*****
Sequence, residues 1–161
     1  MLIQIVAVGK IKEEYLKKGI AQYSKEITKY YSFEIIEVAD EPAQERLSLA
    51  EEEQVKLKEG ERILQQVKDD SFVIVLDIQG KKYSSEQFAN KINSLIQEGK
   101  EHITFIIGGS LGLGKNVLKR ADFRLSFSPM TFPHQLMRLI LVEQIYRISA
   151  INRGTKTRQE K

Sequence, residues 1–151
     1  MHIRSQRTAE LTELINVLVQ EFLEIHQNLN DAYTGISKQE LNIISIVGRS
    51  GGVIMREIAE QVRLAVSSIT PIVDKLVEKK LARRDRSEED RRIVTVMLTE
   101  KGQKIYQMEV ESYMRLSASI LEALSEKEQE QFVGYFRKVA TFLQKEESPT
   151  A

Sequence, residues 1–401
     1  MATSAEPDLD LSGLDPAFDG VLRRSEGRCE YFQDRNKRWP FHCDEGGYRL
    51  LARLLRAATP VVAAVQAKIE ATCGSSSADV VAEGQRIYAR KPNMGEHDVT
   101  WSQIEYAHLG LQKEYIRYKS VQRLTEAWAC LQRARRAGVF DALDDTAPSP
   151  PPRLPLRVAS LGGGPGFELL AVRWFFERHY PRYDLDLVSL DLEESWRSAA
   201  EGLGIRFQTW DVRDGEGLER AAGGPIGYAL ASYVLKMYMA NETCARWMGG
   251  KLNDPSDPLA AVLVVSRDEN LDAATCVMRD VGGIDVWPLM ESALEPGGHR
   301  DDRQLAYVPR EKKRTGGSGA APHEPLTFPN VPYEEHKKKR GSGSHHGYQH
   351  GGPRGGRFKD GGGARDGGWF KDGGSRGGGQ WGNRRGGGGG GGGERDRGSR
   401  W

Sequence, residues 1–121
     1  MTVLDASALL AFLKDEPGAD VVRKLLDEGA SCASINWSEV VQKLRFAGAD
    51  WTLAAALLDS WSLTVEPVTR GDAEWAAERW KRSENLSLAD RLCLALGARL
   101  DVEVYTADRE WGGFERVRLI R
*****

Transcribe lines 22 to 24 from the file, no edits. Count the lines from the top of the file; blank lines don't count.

     1  MTVLDASALL AFLKDEPGAD VVRKLLDEGA SCASINWSEV VQKLRFAGAD
    51  WTLAAALLDS WSLTVEPVTR GDAEWAAERW KRSENLSLAD RLCLALGARL
   101  DVEVYTADRE WGGFERVRLI R